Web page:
The followings are two audio clips that I recorded with my own voice and the scripts that I wrote as a newscast assignment for the Writing for Journalism class.
[NEWS] Women-only Trains in Japan
Newscast 1: Women-only Trains in Japan by Shinichiro
A recent police request sparks a debate over women-only trains in Japan. According to Kobe Newspaper, Hyogo-Prefecture Police requested JR West in October 2010 to expand the women-only train system to their express trains. Police say about 90-percent of reported groping in the trains was done in the express trains that haven’t yet introduced the women-only train system. The company says it’s difficult to meet the police’s request.
This police announcement triggered the debate over the women-only train again in Japan. Groping in trains has been a social problem in Japan for a long time. Although one can be imprisoned for up to seven years or fined up to 485 dollars, four-thousand cases a year are reported nationwide. Roughly half of them occurred in Tokyo, as the Atlantic Cities magazine reported. According to ABC News, nearly 64-percent of Japanese women in their twenties and thirties said they have experienced being groped in the train.
To reduce the groping acts, which is called “chikan” in Japanese, the present women-only train system was introduced first in 2000. Male passengers are basically not allowed to get on the passenger-car except for elementary school students or younger, handicapped, and their caretakers. These trains now run in Tokyo, Osaka, Kyushu, and Hokkaido during the rush hours in the morning, in the evening, or both. After the first system started in 2000 in the Keio lines in Tokyo, it spread to almost every train line in Tokyo and Osaka by 2005 with a strong push by the Government and police.
According to a survey done by a train company, 80-to-90-percent of women and 60-percent of men support the system, while 20-to-30-percent of people do not support it for various reasons. Many women who support the system agree mainly because it’s less crowded and more seats are available in the carriage. Other women prefer the trains because there are no annoying smells or looks from male passengers and much less drunk passengers there, as one of the female passengers told the reporter in the Atlantic Cities’ article. “To feel safer” doesn’t come as the top reason for many women who actually use the system.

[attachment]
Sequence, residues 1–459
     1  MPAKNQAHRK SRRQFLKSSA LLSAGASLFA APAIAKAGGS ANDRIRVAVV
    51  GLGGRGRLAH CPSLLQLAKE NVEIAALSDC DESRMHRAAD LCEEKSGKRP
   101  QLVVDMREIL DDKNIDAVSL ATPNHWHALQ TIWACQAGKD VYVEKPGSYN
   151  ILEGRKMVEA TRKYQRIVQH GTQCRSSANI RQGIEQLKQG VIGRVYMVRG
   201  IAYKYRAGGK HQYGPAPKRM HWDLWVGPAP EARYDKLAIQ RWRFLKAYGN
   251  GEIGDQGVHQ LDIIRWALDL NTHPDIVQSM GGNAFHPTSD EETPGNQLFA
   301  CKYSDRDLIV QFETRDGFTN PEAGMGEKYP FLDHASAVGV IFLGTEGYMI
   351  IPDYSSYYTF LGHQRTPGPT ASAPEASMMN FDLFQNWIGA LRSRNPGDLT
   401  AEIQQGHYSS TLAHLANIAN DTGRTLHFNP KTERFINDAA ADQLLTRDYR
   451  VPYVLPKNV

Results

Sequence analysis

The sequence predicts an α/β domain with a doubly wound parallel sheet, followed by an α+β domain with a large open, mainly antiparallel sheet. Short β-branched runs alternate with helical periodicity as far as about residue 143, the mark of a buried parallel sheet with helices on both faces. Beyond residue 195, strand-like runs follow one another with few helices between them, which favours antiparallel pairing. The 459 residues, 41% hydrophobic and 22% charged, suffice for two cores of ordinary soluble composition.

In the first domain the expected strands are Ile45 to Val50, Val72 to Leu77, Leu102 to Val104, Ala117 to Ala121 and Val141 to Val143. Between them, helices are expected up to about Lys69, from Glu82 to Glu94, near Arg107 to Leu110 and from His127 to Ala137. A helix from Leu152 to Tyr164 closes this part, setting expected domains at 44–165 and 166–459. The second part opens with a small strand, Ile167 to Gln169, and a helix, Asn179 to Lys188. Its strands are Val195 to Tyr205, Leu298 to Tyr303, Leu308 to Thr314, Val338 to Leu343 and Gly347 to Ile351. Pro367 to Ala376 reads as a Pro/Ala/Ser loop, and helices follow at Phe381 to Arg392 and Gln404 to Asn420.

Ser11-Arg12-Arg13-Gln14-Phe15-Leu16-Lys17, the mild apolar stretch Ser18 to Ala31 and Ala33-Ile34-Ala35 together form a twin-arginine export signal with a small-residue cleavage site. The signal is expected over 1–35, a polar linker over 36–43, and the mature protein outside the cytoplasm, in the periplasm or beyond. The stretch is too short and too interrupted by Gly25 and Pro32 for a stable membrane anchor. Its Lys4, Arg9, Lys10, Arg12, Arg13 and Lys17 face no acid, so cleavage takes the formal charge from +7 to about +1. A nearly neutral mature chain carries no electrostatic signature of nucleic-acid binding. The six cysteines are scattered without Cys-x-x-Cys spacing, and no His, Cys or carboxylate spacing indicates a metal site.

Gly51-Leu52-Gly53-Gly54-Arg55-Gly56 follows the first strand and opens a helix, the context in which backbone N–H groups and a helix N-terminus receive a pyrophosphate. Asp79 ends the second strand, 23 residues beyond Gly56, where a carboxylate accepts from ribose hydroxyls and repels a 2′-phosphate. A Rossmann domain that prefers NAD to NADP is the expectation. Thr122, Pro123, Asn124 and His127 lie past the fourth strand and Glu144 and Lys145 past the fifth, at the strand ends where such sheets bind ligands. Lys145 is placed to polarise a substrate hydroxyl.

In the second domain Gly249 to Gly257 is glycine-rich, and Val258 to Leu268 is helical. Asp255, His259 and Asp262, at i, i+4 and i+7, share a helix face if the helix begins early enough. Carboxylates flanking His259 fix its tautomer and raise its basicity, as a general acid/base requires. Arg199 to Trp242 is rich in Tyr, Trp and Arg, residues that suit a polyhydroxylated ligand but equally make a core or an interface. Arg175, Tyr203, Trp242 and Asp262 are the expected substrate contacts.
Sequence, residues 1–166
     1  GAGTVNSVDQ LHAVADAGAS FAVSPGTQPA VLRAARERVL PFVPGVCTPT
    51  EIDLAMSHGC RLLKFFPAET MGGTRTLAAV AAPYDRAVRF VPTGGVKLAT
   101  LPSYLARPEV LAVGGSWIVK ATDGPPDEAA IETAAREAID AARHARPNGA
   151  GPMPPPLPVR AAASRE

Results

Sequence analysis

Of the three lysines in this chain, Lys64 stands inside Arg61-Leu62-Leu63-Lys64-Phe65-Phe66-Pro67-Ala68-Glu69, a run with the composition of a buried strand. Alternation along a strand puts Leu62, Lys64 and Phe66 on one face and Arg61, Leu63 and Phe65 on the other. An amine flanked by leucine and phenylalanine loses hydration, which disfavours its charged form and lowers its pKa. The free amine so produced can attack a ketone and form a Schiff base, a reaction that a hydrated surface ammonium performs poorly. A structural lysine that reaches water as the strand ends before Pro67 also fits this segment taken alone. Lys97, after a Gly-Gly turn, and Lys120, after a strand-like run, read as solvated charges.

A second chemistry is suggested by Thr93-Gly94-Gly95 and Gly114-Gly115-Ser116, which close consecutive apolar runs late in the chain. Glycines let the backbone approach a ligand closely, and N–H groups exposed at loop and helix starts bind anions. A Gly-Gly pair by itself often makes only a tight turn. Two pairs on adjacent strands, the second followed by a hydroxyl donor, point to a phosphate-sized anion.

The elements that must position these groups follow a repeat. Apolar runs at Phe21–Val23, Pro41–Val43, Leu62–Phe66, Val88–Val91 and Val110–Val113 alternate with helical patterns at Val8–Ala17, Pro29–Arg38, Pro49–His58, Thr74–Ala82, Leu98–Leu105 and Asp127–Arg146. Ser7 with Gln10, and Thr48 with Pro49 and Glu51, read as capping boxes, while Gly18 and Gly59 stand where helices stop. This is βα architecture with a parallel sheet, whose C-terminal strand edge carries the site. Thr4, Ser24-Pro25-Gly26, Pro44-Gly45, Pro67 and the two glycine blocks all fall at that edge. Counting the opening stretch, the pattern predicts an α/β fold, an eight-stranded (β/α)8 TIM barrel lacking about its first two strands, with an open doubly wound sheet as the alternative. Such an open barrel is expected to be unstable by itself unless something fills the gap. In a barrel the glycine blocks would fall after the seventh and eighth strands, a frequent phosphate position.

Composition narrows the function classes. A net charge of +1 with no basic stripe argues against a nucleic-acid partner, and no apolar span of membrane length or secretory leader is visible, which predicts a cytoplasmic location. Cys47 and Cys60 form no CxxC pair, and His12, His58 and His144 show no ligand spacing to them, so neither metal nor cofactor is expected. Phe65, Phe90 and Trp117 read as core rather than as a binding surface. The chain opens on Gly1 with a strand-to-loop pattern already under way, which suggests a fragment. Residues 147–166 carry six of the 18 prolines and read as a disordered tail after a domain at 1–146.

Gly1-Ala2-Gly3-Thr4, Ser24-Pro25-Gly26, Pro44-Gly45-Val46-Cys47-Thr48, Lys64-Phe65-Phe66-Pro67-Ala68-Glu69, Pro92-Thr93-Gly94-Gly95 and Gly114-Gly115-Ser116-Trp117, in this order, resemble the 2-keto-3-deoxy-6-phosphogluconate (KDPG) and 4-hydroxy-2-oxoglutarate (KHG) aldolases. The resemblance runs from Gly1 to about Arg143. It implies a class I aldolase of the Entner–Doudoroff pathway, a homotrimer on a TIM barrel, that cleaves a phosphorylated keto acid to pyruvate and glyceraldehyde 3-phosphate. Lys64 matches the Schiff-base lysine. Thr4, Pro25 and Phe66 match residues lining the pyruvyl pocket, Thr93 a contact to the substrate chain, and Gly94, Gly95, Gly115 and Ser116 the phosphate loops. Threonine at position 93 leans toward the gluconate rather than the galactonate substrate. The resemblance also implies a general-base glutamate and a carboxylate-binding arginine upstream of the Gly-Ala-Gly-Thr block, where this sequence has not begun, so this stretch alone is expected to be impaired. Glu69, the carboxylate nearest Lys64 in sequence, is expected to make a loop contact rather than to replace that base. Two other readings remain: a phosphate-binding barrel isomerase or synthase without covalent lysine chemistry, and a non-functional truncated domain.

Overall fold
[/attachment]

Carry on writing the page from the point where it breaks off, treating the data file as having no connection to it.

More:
For the opponents, there are a plenty of reasons to abolish this system immediately. They said that, as a result, the other cars -- especially the one next to the women-only car -- become more crowded. They say that the system hasn’t yet proven its effectiveness. It’s not a final solution to reduce groping acts, either. And most of all, it is sexual discrimination against men simply because the train companies discriminate against the passengers based on their gender. There are several opposition groups to the women-only trains. According to them, under this system, all the men are seen as possible sex offenders, and this makes some men feel uncomfortable.
Groping has also become a problem in other big cities such as New York, London, or Paris. But, posters in the train in these cities just say “Groping is a crime. Report it to police or station staff immediately.” They haven’t yet introduced a system like Japan’s. According to the Atlantic Cities, there are few countries in the world that introduce women-only trains. For example, India, Indonesia, Egypt, Pakistan, Iran, Dubai, Brazil, Mexico, Russia, and, South Korea have the similar system. But many of them were introduced due to religious reasons.
Some people suggest other measures to crack down on the sexual molestation. There seem to be many measures that train companies can take to reduce the crowdedness besides introducing women-only trains. For example, they can make the lines double-tracked or introduce off-peak tickets so that numbers of the passengers in the train would get less in rush hours. As the leader of the anti-women-only-train group suggested, security cameras can be introduced in each car to discourage gropers. In fact, they were installed in all the carriages in JR Saikyo Line and the groping cases reported dropped less than half of that in the previous year. One can easily think of other ideas such as setting more station staff or security guards on the platforms or letting them patrol in carriages. For passengers, setting emergency bells in each carriage would be good.
Even with these alternatives suggested above, so far no train company seems to change the present system.
[AD] Café and Restaurant Minami Azabu
Newscast 1: Ad (30 sec. Edition) by Shinichiro
Need a cup of coffee before you go to class? Or want a cozy space for your reading and studying? Why not drop by at our Café and Restaurant Minami Azabu on the first floor of TUJ building? By showing your Temple ID card, you can have a 100-yen discount. A variety of cakes, breads, and pastries are also available. You can have obento and bagel sandwiches, too. You can have a morning and lunch sets at the café. A cake set is also available. At night, we serve a special course dinner. Beer and wine are also available. So why don’t you come? We open from eight-thirty until ten at night only on weekdays.